Storybooks often present information that can be applied to the real world. For example, after children see a picture of a zebra in a storybook, they might recognize a real zebra in a zoo. However, even realistic information in storybooks is often presented in a fantasy context (e.g., the zebra in the book may be able to talk to other characters). In this study, we want to know whether realistic or fantasy storylines affect what children learn from picture storybooks.
In this study, 2-5 year-old children listen to some stories about animals. The stories may contain either fantastical information (e.g., a mouse flying an airplane) or realistic information (e.g., a bird feeding a baby bird). After children hear the stories, we ask them some questions about things that the animals do or don’t do in reality. We want to know whether the language used in the storybooks will affect how children apply what they heard in the story to a real situation.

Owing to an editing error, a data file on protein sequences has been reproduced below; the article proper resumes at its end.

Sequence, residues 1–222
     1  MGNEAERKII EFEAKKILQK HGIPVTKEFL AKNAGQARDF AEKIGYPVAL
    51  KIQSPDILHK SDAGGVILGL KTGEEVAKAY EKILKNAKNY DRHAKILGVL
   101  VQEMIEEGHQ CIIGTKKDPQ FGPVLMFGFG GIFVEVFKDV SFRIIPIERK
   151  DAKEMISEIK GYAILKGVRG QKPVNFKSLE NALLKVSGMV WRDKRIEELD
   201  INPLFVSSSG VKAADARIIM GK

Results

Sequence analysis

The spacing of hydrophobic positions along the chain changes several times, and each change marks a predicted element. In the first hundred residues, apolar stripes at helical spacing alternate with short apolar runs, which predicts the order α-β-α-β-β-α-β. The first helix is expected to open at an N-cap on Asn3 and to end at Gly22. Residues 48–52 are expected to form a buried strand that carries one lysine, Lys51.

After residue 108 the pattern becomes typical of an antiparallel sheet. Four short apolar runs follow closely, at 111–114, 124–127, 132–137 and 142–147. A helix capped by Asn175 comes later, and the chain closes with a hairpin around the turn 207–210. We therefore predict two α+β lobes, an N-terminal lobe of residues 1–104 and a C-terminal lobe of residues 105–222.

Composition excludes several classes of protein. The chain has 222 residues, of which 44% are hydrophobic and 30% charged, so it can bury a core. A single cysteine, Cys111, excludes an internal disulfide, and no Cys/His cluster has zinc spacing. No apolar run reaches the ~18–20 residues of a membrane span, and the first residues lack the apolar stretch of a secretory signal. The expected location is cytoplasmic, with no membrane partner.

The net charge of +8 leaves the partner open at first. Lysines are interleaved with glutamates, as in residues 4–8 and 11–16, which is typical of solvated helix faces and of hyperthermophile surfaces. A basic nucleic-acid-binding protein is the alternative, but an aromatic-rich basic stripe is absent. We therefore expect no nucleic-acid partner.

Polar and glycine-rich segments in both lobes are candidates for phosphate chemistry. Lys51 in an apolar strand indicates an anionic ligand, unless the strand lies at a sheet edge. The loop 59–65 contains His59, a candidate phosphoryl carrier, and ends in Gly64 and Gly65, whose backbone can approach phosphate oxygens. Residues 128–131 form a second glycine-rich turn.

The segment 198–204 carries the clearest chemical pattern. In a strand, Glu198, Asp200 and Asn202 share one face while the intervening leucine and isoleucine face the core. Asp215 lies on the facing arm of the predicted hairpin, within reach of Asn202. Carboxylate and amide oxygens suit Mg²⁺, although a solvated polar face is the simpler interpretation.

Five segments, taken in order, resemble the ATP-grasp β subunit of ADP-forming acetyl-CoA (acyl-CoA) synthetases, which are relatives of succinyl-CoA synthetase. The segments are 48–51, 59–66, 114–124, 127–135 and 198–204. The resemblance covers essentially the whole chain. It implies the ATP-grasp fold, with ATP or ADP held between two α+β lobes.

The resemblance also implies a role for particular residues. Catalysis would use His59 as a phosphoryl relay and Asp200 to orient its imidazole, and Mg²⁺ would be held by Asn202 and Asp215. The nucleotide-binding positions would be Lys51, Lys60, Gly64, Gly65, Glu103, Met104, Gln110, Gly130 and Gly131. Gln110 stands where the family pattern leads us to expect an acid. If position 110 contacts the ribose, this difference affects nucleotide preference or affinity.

We predict that toddlers, but not older children, may have difficulty applying what they hear in a fantastical storybooks to real animals.
This study will help us understand what children learn from picture storybooks, and how they apply what they see and read to the real world.
Learn about other research related to Learning From Others.
This research is conducted by the Language and Learning Lab at Boston University